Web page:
Sitting between the Cannon X and range topping XSR variants, the sporty looking Vanta is GWM’s latest dual cab Ute offering. With intimidating looks, it features a blacked-out grille, door handles, exterior mirrors and unique sports bar.
The 18-inch alloys are black too, with our test vehicle draped in you guessed it, Crystal Black. Priced at $46,490 drive away, you can actually choose to have it in Scarlet Red, Sapphire Blue or Pearl White.
And while it does offer nods to a couple of its rivals, it is very much its own beast. There’s a solid look and feel to most materials and we reckon if you removed all its badging, you’d be hard pressed to figure out its origins.
Open the doors and the interior impresses, not only with plenty of space, reflecting the exterior’s rather large proportions, but the diamond stitching across the seats and in the door cards exudes a touch of class and luxury.
Yes it’s fake, but it looks and feels nice. Onlookers even gave that sort of ‘Ooooh’ that tells you they’re pleasantly surprised. That quality appearance extends to the dash as well, but it is a little plastic to the touch.
Climbing inside is easy thanks to side steps running the length of the dual cab, and even our little 5-year-old had no problems getting into the rear and enjoyed being able to look over most other vehicles on the road.
With 6-way adjustability on the driver’s seat (4-way for the front passenger), it’s not hard to get comfortable either, although the seat base feels a bit short and may not be great on longer drives, for taller people (yours truly is 182cm tall).
The 7.0-inch digital instrument cluster is clear and informative, while the 9.0-inch touchscreen infotainment system takes care of the bulk of the functions and settings available.
Additional air-conditioning controls sit below the centre screen, followed by two USB ports and a wireless charging pad. The steering wheel is large but comfortable and features controls on either side to cycle through menus on the information display.
You can handle phone calls, adjust the cruise control and access radio/media options from here as well. The audio system is adequate but it’s not going to win any awards. With 6-speakers, you get AM/FM radio as well as USB media and Bluetooth.
There’s a wired connection for Apple CarPlay or Android Auto, giving you satellite navigation, which isn’t native. The USB media option allows you to play music, movies (not while driving of course), and images via the two front USB ports.
The audio volume will lower when the safety cameras activate and since the camera view fills the centre screen you’ll find that you can’t access any of the other menus or settings until you drive off again. We’re pretty sure this can be turned off but it’s worth noting.
The only two cupholders in the car sit in the centre console below a sliding storage cubby. There’s no problem fitting child capsules and booster seats in the spacious rear though, with ISOFIX points available for the outer seats.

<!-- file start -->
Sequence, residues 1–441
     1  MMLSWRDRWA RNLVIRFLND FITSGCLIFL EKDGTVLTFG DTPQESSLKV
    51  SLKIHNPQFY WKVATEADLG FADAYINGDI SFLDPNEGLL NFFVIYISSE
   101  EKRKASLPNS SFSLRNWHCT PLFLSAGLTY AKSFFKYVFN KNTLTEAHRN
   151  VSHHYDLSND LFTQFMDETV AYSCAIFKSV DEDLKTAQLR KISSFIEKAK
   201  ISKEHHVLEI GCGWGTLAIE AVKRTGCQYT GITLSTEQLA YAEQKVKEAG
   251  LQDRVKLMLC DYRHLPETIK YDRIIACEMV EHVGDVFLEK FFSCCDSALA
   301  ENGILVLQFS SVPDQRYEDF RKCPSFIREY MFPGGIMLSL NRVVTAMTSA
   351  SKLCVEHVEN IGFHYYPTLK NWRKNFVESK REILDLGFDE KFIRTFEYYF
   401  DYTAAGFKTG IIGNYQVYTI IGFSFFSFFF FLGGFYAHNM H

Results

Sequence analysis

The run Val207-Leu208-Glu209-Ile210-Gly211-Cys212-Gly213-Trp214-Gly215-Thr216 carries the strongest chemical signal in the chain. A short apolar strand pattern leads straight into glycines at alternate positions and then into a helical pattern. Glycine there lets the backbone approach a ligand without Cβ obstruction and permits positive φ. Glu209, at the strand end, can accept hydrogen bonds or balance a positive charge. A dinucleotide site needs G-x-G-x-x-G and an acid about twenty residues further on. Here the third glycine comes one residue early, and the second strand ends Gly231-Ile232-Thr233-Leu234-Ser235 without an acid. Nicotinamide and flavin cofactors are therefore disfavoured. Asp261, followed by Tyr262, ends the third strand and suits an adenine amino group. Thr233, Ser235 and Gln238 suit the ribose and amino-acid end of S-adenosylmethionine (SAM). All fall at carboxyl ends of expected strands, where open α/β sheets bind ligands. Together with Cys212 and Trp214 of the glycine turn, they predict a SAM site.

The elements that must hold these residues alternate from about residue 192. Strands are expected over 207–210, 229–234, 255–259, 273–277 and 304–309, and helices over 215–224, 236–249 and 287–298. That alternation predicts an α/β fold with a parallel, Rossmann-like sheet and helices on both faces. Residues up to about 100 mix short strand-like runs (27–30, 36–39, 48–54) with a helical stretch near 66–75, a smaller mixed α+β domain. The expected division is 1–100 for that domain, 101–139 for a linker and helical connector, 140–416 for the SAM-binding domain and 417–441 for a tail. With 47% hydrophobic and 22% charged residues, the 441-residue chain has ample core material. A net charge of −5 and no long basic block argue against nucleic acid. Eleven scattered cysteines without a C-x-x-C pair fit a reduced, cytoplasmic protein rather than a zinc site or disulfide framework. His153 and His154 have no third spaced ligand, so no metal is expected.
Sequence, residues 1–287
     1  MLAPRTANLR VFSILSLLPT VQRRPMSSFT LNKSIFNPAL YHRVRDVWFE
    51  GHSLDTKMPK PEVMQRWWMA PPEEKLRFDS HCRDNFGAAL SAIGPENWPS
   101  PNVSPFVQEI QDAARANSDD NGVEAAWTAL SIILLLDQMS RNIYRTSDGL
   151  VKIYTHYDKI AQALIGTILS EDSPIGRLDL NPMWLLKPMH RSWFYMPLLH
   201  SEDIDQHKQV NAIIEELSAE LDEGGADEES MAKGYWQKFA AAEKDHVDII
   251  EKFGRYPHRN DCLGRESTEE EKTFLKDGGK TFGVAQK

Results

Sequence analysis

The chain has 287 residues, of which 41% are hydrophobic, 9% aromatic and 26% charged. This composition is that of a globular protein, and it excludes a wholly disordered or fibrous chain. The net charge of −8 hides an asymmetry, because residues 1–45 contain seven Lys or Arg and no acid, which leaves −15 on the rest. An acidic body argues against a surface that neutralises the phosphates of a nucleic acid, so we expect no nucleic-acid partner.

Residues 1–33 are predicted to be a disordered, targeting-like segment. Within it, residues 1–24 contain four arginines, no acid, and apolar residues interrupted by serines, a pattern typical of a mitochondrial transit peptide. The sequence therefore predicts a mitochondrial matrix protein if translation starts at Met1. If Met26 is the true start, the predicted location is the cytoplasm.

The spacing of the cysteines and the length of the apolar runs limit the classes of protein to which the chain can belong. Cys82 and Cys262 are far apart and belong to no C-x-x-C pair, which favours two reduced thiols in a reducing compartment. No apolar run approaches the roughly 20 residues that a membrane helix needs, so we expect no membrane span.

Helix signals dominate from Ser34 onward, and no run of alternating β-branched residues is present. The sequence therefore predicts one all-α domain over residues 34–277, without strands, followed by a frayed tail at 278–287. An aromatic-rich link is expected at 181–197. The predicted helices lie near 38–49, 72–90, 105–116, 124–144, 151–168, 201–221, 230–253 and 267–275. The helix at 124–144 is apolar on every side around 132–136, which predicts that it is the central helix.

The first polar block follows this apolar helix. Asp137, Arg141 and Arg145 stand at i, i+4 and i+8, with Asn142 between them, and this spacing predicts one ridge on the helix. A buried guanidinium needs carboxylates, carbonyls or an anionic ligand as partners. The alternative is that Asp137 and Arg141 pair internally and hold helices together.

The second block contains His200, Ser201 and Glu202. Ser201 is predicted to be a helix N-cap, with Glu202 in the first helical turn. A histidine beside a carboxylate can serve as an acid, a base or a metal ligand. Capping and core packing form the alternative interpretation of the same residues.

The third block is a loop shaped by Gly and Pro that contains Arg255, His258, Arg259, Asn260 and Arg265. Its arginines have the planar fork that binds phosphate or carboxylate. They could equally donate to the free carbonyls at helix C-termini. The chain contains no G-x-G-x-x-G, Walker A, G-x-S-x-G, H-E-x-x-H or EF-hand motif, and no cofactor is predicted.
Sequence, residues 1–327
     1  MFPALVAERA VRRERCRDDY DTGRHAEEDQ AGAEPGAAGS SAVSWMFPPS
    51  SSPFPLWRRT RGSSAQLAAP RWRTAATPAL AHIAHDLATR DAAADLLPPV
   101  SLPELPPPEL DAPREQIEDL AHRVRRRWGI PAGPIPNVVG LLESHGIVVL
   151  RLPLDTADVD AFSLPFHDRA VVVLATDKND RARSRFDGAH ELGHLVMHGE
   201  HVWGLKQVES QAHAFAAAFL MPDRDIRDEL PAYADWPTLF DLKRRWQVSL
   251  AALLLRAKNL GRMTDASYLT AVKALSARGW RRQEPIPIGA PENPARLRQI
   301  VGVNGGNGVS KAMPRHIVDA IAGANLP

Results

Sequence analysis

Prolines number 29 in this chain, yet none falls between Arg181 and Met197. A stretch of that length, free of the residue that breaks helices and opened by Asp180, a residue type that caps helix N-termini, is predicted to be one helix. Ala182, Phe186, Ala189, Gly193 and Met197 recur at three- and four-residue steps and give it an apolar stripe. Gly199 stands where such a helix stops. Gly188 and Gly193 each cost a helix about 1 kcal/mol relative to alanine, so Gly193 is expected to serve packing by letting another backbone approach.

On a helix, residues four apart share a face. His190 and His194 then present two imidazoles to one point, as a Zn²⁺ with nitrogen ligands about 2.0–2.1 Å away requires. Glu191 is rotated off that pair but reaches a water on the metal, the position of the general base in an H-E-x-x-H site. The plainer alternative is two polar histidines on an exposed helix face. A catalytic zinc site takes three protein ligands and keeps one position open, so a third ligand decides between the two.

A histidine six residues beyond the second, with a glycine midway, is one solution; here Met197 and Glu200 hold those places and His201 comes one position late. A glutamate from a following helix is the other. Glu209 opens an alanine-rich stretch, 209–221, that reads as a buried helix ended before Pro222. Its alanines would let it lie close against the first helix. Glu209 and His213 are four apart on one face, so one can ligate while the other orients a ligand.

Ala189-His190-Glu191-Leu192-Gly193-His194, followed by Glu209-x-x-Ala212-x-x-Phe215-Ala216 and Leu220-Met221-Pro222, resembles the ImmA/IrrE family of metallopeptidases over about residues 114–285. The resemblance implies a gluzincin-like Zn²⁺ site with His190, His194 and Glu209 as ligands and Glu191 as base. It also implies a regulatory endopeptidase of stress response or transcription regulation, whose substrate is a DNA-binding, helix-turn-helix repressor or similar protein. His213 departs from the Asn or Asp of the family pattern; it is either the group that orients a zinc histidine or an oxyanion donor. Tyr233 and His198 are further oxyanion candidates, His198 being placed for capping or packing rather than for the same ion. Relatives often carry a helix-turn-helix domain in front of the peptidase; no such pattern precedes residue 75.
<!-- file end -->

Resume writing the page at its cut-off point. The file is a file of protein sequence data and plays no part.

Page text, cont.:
There’s a 60:40 split allowing for easy access behind and the lower seat base can also fold up for extra storage, while a 12V power outlet and USB port are offered. There’s a fold down armrest from the centre seat. The rear cabin also misses out on an interior light.
The ute tray, in the words of my little one is “big enough to have a picnic”, though we didn’t get to test this out. Measuring 1,561mm long, 1,614mm wide and offering 1,146mm between the wheel arches, the Cannon beats rivals from Ssangyong and LDV.
The sports bar doesn’t intrude, there are handy tie-down points within, and the tailgate is gas assisted. There’s even a step that pops out to help with getting in and out of the tray easily.
The same 4-cylinder turbo diesel is used across the GWM Ute range, producing 120kW of power and 400Nm of torque. These figures aren’t likely to blow anyone’s socks off, but we found there was enough get up and go around town.
A heavy load in the tray or towing a decent sized trailer could create more of a challenge, but with that being said, the ZF 8-speed automatic transmission is up to the task, and you can select from three drive modes.
Normal is fine for most situations, while Eco transfers drive to the rear wheels to save on fuel. Sport provides a noticeable kick in the pants when you hit the loud pedal. GWM claims economy numbers of 9.4-litres/100km, although the best we did was 11.0-litres/100km.
Adaptive cruise control helps on the longer drives, with some nice adjustability for the following distance to the car in front. Lane departure warning and lane keep assist never felt too intrusive, although other media outlets reckon this should be turned off.
When you slow down for intersections or are manoeuvring the Cannon Vanta, the safety cameras activate and display through the centre screen. There’s some nice hi-res graphics which are quite helpful for navigating and placing the ute.
There’s also forward collision warning and autonomous emergency braking, along with dual front, side, curtain, and front centre airbags. The Cannon range scored a 5-star ANCAP safety rating in 2021.
One of the nice features while driving in low-light and at night is what GWM calls ‘front fog lamp with steering automatic lighting’, where the fog lights on each corner activate to help see around bends, corners, or roundabouts at low speed.
GWM offers a 7-year unlimited kilometre warranty, 5-years roadside assistance, and capped price servicing. The Cannon Vanta Ute is roomy, capable, and all the black trim pieces help it stand out and look the part.
If you have $50K burning a hole in your pocket and are in the market for a dual cab ute, this should be on your shopping list. It’s a decent proposition, with a generous warranty, regardless of whether it’s made in China or not.
Our test vehicle was provided by GWM Haval Australia. To find out more about the 2023 GWM Cannon Vanta Ute, contact your local GWM Haval dealer.